Metro Ethernet service deployment eased by Carrier Ethernet standards choices

Metro Ethernet services are in high demand by enterprises because of their plug-and-play simplicity and high WAN bandwidth. Two Carrier Ethernet standards, MPLS-TE and PBB-TE, offer carriers a way to deploy and provision Ethernet services more quickly and lower operating costs.

Ethernet service deployment is skyrocketing, and specifically, metro Ethernet services for enterprises are in highest demand. To prove the point, 73% of Nemertes Research benchmark participants are deploying Ethernet-based services, up from just 52% a year ago. Of the various types of Ethernet services, metro Ethernet is the most popular: 63% of research participants deploy it, typically linking to large sites and data centers.

Why the specific metro Ethernet interest? Two main reasons. First, bandwidth: Ethernet services typically deliver some of the highest-available bandwidth in the WAN. Second, simplicity: Ethernet services are often plug-and-play.

Ethernet Services Resources
Carrier Ethernet demand rises as enterprise WAN landscape changes

Carrier Ethernet meets new enterprise metro data center needs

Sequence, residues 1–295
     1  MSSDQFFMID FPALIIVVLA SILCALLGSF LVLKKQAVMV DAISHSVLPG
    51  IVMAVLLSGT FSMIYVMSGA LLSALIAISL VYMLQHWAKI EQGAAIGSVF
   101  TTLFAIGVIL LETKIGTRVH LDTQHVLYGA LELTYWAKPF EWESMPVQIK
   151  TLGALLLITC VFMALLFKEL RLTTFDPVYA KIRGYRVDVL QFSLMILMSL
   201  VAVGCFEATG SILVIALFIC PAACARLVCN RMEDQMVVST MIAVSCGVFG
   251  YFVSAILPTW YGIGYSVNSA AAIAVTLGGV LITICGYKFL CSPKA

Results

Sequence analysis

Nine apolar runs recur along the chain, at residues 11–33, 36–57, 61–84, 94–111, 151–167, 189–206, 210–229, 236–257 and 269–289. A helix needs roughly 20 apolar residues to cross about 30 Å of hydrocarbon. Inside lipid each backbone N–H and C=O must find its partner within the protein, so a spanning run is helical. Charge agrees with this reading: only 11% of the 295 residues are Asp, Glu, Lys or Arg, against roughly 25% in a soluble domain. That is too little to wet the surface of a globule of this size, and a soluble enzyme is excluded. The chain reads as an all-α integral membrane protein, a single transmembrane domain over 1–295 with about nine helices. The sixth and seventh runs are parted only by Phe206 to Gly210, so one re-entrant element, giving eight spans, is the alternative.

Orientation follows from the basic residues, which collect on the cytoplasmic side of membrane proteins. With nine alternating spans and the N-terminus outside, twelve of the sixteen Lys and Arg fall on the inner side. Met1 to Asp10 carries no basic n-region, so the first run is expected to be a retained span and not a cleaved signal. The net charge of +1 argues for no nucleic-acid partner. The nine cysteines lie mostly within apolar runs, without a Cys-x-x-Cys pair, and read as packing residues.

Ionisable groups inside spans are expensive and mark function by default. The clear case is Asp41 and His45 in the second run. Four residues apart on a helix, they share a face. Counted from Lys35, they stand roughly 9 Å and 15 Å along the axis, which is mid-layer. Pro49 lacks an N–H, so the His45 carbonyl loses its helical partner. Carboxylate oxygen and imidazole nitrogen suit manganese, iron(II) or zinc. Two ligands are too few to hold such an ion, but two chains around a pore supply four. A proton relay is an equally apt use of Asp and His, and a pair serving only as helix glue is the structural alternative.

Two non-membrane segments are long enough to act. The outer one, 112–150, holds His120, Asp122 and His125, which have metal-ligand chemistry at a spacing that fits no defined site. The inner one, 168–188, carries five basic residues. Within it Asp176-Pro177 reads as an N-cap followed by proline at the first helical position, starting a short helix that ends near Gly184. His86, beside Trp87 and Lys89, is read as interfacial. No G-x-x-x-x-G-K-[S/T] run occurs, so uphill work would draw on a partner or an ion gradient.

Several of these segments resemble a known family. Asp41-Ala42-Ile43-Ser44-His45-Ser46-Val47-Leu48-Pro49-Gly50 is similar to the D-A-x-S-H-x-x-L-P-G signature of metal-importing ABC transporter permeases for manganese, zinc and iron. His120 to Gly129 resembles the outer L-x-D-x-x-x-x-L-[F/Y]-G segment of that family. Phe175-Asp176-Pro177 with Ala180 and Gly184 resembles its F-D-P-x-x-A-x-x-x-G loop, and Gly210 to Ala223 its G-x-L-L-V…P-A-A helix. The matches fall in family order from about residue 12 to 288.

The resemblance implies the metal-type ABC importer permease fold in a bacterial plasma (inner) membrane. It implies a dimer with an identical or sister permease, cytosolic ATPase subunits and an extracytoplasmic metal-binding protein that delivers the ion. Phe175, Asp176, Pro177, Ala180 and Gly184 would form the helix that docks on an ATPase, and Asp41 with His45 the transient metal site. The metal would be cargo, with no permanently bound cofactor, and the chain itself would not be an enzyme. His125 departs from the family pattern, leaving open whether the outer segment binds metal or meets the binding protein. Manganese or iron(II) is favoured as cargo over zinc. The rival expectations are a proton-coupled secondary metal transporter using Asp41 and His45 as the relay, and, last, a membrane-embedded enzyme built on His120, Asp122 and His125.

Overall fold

Carrier Ethernet: Big picture issues for carrier deployment

Metro network complexity: Time to cut the Gordian knot?

Carrier Ethernet planning: Two distinct dimensions

Carrier Ethernet: PBT and beyond
The single biggest drawback to Ethernet services? Lack of availability. "I'd use more of it if I could get it," is the common refrain. One reason providers are slow to deploy Carrier Ethernet (relative to its popularity) is that for carriers, it often represents a radical departure from their existing architectures. Service providers continue to depend on traditional SONET/SDH-based access, metro and transport technologies, even as they watch demand increase for IP and Ethernet. That means they're managing separate transport hardware and provisioning systems to handle both their legacy networks and the new generation of packet-transport protocols that include Ethernet.

The current crop of Ethernet services is defined to run over multiprotocol label switching (MPLS). But from the carrier perspective, turning up new customers on MPLS-based services like Ethernet requires a complex set of steps involving multiple different operational support systems (OSS).

Carrier Ethernet standards designed to create single control plane